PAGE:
# Quantum harmonic oscillator substitution

The Schrödinger equation for the harmonic oscillator is $$\left(-\frac{\hbar^2}{2m}\frac{\partial^2}{\partial x^2}+\frac{m\omega^2}{2}x^2\right)\psi(x)=E\psi(x).$$ Then often $$x$$ gets substituted with $$x=\xi a$$, where $$a=\sqrt{\hbar/m\omega}$$, which leads to $$\frac{\hbar\omega}{2}\left(-\frac{\partial^2}{\partial \xi^2}+\xi^2\right)\psi(\xi)=E\psi(\xi).$$ So my question is if now it should not be $$\psi(a\xi)$$, or do they define $$\psi^\prime(\xi)= \psi(a\xi)$$ and then rename it?

• The question is actually about math. Jan 24, 2022 at 13:36
• Can you give the source of this? Jan 24, 2022 at 13:38
• @RogerVadim I think this question still fits best at physics stack exchange. Many more physicists than mathematicians have worked with the Schrödinger equation and just because a physics concept contains math doesn't mean that it is a math question. Jan 24, 2022 at 14:04
• @AccidentalTaylorExpansion I think that question is about general mathematical technique, which is why proposed moving it to the Math community. But I do agree that here it arises in a specific context, which is mostly of interest to physicists. Jan 24, 2022 at 14:09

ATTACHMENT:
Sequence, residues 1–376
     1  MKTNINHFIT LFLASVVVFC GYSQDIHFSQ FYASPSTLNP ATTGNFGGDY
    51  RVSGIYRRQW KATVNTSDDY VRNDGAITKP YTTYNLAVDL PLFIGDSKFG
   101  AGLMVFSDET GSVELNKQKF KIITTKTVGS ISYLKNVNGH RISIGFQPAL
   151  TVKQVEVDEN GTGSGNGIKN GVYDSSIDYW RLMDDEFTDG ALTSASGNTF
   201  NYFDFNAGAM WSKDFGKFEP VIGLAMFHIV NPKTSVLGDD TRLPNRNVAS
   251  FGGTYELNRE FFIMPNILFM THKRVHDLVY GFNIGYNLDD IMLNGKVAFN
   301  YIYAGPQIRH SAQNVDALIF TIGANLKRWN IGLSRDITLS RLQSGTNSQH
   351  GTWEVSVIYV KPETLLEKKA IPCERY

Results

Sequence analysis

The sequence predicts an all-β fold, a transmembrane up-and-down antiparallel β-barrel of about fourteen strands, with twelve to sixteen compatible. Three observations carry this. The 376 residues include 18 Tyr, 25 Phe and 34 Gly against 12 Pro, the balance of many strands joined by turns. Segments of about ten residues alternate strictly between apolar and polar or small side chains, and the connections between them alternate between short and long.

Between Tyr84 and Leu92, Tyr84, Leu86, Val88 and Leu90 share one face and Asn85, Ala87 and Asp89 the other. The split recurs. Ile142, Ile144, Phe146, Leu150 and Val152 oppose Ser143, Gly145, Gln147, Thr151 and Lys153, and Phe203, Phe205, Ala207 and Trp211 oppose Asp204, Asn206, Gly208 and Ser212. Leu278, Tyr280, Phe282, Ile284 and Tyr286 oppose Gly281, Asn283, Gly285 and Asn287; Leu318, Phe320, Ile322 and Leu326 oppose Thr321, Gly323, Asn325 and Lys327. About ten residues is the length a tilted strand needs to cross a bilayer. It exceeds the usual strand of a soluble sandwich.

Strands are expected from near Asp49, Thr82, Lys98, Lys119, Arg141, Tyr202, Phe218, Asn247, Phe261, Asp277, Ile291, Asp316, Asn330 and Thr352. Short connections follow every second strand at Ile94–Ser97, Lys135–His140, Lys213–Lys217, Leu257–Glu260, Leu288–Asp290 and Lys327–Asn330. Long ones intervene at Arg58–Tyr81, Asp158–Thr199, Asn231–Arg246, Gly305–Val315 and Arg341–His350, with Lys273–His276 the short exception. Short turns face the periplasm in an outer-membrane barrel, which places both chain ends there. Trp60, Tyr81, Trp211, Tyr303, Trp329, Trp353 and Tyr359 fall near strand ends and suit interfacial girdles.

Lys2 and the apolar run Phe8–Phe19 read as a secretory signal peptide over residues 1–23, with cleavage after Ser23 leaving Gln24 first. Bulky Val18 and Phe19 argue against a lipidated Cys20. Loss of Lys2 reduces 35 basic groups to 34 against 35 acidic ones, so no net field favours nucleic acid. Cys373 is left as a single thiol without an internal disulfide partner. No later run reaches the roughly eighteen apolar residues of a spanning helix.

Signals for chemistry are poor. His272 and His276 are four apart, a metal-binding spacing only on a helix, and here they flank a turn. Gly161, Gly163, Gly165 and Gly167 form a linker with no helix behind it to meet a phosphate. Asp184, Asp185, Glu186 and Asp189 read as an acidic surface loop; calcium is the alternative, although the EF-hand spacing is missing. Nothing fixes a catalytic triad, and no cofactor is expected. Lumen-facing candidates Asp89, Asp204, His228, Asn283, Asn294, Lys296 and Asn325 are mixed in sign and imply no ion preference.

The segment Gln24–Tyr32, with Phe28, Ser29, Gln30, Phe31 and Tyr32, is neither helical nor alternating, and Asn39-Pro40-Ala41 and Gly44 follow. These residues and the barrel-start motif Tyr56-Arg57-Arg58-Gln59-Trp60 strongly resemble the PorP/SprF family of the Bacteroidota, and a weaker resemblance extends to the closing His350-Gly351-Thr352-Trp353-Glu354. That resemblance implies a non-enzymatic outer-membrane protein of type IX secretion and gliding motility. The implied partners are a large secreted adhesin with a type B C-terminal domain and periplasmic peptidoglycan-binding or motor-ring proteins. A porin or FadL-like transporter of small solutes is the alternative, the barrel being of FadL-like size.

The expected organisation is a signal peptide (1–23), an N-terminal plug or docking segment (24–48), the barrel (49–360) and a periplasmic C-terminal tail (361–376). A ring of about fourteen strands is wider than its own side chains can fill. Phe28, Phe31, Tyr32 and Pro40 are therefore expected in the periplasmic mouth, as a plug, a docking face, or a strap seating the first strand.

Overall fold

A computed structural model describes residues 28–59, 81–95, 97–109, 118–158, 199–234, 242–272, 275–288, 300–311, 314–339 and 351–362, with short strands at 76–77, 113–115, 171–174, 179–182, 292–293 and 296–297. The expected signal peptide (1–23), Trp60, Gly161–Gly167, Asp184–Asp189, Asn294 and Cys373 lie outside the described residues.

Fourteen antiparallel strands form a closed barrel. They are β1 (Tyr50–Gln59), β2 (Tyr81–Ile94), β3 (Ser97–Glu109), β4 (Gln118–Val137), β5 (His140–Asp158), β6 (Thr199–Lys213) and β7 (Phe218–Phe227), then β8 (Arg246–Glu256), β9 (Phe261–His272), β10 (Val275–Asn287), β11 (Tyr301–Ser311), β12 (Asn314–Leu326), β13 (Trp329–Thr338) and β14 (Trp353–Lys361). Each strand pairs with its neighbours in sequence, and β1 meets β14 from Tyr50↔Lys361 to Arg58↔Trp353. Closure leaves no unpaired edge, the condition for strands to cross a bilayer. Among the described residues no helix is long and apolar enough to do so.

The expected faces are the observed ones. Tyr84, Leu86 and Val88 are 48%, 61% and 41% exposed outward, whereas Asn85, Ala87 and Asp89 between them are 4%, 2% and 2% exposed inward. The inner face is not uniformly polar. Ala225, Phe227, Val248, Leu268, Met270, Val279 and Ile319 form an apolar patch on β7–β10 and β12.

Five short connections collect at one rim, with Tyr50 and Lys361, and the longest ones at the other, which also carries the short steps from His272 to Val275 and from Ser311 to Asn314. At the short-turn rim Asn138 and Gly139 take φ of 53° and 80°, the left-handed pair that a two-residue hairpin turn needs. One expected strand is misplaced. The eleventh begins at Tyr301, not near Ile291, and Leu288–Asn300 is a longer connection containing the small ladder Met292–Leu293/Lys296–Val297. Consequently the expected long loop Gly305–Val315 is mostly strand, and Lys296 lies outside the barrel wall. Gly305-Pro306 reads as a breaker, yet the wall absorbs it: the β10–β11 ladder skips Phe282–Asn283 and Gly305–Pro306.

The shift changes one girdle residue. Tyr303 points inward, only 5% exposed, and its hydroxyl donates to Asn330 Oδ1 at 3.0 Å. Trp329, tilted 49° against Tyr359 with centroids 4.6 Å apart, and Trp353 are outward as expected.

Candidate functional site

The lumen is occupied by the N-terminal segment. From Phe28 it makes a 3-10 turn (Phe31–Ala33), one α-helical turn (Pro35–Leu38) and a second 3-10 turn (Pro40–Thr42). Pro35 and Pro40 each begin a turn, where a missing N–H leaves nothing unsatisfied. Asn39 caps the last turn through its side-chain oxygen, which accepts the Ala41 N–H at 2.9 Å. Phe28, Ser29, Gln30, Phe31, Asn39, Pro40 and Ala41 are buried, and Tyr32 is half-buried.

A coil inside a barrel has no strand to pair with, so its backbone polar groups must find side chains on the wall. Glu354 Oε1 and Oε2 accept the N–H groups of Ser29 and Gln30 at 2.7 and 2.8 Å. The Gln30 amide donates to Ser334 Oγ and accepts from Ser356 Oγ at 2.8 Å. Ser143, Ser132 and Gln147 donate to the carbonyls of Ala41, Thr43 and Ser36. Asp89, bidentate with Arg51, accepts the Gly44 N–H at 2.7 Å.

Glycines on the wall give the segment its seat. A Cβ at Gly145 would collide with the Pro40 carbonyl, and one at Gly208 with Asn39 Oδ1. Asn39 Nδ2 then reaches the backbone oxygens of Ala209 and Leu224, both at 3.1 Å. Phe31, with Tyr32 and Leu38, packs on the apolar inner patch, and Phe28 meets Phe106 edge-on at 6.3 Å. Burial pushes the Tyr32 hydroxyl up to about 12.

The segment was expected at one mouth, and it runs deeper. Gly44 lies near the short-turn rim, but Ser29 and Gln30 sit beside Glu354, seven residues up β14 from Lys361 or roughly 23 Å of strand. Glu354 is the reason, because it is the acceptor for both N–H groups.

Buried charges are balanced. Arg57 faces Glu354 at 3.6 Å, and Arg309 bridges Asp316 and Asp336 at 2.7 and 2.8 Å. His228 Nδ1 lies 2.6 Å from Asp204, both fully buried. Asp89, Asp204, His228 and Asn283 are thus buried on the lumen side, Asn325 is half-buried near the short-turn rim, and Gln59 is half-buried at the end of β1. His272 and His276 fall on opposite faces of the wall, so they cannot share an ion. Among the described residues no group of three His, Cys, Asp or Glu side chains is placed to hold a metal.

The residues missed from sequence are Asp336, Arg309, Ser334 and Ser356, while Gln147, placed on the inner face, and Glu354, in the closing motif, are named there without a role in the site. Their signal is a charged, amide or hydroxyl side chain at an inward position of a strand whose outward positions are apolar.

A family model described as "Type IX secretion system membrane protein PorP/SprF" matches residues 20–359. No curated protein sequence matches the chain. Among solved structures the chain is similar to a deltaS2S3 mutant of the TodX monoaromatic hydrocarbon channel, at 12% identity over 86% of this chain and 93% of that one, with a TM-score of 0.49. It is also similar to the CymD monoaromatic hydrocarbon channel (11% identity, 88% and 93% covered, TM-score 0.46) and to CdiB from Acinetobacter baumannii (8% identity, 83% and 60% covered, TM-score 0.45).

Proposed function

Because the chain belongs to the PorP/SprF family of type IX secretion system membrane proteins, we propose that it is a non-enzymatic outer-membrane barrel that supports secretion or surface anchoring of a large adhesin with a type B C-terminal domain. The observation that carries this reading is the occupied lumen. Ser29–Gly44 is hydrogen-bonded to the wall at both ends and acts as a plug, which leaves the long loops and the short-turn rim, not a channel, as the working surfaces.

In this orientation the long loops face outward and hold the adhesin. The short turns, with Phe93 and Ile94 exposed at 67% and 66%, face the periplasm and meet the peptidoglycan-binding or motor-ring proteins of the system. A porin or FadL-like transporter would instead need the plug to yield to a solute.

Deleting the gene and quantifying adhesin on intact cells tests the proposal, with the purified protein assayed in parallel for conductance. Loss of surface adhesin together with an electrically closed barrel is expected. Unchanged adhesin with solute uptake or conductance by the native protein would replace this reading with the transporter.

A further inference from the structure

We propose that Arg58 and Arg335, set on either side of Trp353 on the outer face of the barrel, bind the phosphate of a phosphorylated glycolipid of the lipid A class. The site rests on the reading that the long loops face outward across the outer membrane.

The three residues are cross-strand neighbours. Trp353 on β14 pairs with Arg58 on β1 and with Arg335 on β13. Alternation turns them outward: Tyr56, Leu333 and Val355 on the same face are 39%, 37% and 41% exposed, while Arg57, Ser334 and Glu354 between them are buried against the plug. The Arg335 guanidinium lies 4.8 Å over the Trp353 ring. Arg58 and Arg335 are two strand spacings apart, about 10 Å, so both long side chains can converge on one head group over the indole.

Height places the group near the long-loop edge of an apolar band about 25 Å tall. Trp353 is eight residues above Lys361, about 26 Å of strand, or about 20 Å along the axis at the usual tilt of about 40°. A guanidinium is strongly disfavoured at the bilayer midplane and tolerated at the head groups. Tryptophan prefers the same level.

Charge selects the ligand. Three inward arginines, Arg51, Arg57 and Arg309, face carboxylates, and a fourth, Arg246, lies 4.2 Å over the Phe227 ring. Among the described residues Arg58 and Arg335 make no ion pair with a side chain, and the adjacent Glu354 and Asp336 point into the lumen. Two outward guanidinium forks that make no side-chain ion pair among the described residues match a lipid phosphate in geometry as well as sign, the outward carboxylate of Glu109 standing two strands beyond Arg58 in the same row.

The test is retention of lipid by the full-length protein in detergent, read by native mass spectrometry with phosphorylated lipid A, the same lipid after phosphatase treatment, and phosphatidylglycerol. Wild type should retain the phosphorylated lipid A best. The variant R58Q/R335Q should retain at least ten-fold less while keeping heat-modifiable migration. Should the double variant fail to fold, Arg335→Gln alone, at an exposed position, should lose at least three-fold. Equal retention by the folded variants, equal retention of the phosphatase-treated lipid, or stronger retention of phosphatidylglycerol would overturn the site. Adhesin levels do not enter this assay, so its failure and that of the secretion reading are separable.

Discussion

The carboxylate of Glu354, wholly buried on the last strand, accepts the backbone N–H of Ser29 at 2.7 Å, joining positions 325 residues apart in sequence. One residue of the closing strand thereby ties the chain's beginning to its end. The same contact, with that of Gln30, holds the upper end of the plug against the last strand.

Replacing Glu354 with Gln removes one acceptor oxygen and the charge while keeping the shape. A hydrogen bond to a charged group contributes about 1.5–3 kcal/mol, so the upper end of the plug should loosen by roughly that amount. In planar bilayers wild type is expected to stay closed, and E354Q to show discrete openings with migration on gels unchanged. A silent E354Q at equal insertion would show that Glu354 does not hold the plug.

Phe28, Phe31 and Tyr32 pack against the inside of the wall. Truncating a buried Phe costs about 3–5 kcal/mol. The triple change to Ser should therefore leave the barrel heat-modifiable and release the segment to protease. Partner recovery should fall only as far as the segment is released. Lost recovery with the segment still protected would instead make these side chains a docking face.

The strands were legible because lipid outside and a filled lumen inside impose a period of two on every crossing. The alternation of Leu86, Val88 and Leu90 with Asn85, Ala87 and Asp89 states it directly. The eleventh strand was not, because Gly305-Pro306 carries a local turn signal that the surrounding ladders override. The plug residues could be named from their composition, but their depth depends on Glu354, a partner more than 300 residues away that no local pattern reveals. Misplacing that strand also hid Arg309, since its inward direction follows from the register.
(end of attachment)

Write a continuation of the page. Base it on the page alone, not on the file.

Yes, you are right, one just redefines the $$\psi(x)=\psi_{new}(\xi)=\psi(a\xi)$$. The Schrödinger equation is thus $$\frac{\hbar\omega}{2}\left(-\frac{\partial^2}{\partial \xi^2}+\xi^2\right)\psi_{new}(\xi)=E\psi_{new}(\xi)$$ The basic motivation is to non dimensionalize the independent variable. In order to recover the original $$\psi(x)$$, we have $$\psi(x)=\psi_{new}(\frac{x}{a})$$
Indeed, to perform such an operation properly, one has to define a new function $$\phi(\xi)=\phi(ax)=\psi(x).$$ More generally, when defining new variable(s) $$\zeta(x)$$ one has $$\phi(\xi)=\phi(\xi(x))=\psi(x).$$ One can then calculate the derivatives as, e.g., $$\frac{d\psi(x)}{dx}=\frac{d\phi(\xi)}{dx}=\frac{d\phi(\xi)}{d\xi}\frac{d\xi}{dx},\\ \frac{d^2\psi(x)}{dx^2}=\frac{d^2\phi(\xi)}{dx^2}=\frac{d^2\phi(\xi)}{d\xi^2}\left(\frac{d\xi}{dx}\right)^2+\frac{d\phi(\xi)}{d\xi}\frac{d^2\xi}{dx^2},$$ and so on.